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Other Radios - Wood Tabletop: GE M-63 Restoration

I purchased this awesome General Electric tombstone at the 2004 Marc show in Lansing, MI. This radio wasn't out in the morning, but the seller placed it out after lunch, and I was lucky enough to be the first person to see it. This is a very, very rare tombstone. In fact, in years of collecting, visiting swaps, and watching e-Bay, this is the only one of these I have ever seen. The radio cabinet has some chips in the front veneer, and the lacquer finish is badly deteriorated all over the radio. It would need to be refinished, and the veneer patched. Two of the knobs were Philco knobs, and incorrect for this radio. They would need to be replaced.

Electronically, The chassis looked to be complete, but I did not power it up. I pulled the chassis to save for a wintery day.

Cabinet Restoration

Stripped radio
The first thing to do was strip off the remaining finish. I used Parks Refinisher and 000 steel wool to remove the old finish. Because the original finish was in such poor shape, the old lacquer came off pretty easily. The radio has a two-tone front, with top and sides toned to match.

The photo to the right shows the radio after stripping. It's still wet from the mineral spirits washdown that I gave it. You can see the differing styles of walnut in the radio, from a reddish-orange side walnut to the dark brown base and middle-front panels.

Patching Veneer

The photo to the left shows some veneer being clamped. The bottom edge veneer was loose, but not missing. That was simply glued and clamped. Each side of the front also had a veneer chip missing. Veneer from another old radio was carefully glued into place, with the patch being slightly larger than the misssing piece. Careful attention was paid to making sure the grain and color were a close match to the original. The new pieces were then clamped down hard. After the glue dried, the clamps were removed. The patches were lightly sanded and feathered into the existing veneer. The results were excellent, you cannot see that the veneer has been patched.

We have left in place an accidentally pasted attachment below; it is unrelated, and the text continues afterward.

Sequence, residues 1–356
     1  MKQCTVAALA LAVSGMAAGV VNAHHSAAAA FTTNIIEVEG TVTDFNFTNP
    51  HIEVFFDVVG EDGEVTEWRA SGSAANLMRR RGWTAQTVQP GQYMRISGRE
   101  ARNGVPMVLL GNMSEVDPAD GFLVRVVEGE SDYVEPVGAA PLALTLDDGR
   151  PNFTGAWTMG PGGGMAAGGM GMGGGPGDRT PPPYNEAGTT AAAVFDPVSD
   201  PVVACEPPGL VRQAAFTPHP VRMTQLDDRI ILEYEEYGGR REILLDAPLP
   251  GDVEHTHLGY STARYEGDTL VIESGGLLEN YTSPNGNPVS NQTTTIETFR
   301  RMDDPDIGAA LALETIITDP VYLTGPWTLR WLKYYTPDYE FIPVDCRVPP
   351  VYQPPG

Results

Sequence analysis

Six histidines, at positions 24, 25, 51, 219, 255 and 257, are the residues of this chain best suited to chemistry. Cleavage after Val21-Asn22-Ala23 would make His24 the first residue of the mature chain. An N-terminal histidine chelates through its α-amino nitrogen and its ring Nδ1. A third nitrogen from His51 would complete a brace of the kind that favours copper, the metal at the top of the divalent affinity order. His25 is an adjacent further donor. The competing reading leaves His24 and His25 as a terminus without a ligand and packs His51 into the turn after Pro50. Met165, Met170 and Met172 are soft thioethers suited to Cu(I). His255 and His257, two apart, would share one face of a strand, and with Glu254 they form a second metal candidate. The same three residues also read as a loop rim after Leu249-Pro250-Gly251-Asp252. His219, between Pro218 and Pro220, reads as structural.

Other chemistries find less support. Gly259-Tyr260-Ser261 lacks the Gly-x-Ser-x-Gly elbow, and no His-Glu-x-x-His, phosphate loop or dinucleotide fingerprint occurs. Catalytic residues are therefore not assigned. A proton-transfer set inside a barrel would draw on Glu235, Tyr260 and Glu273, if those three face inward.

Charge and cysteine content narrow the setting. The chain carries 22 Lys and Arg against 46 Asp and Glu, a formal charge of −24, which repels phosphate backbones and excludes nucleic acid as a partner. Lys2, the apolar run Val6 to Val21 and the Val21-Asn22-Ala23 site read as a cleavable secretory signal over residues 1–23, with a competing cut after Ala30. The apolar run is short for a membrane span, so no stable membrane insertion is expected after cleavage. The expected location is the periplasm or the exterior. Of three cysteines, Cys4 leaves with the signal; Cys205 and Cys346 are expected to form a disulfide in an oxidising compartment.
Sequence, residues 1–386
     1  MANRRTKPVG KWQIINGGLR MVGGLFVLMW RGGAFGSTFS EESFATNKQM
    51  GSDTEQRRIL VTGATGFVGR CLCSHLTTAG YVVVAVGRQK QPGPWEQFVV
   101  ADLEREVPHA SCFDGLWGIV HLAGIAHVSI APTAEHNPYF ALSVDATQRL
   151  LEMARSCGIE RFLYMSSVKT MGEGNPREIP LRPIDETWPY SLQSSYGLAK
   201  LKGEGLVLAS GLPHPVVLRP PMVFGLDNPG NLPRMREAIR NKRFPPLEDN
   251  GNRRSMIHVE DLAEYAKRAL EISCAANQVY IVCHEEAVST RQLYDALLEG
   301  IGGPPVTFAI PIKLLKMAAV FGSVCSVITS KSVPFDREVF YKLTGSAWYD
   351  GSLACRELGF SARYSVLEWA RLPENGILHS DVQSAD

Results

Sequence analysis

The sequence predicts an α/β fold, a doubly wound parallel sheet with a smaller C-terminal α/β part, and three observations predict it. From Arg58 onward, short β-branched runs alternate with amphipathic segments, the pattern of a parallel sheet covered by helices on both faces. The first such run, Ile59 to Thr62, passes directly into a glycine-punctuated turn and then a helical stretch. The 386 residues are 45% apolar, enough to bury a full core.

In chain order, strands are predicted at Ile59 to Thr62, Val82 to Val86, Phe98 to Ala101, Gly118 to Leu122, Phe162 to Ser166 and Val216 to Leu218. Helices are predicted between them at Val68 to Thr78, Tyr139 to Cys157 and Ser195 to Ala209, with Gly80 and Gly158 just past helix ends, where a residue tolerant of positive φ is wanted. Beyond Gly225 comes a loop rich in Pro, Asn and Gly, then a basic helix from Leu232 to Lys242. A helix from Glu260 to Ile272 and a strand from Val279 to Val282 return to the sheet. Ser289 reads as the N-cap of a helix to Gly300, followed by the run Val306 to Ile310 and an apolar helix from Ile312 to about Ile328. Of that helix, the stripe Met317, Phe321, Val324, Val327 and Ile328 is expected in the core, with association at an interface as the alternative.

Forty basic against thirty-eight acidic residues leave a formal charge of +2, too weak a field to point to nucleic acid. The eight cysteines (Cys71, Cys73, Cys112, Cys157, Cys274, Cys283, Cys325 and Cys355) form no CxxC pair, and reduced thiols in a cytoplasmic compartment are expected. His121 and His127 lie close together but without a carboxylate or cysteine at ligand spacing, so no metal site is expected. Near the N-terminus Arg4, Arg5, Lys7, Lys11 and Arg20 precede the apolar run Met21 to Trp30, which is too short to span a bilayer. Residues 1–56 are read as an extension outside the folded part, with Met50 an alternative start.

Filling light areas
Filling dark areas
The photos to the right show the grain being filled. A light grain filler was used on the lighter areas, and a dark filler on the darker areas. Each area was filled twice, so that the final finish would be silky smooth.

Once the filling was done, the radio was rubbed down with a light walnut stain, then the first coat of clear laquer went on. The top and sides were toned with Behlen Master toners to match the front, then multiple coats of clear lacquer were sprayed over the top.

The radio was left alone for a few days, then rubbed out using various grades of sandpaper and rubbing compounds, with water and lemon oil as lubricants. The grillecloth was replaced with an exact replica, and the details around the grille bars were trimmed in black. After rubbing out, a thin coat of protective wax was applied to the radio, with more rubbing out. The two original knobs were stripped and repainted in their original black, and two other wood knobs were procured and painted to match.

The image on the left (sorry for the bad picture) shows the completed radio. I think it turned out very well! The radio is very nice looking, and draws many compliments from those who see it. I still haven't seen another like it, and the rarity of this radio is reflected in the high book value it has been given.

Overall, this was a fun and exciting radio to work on. I hope to someday acquire the RCA version of this radio, which has a repwood front with a floral motif.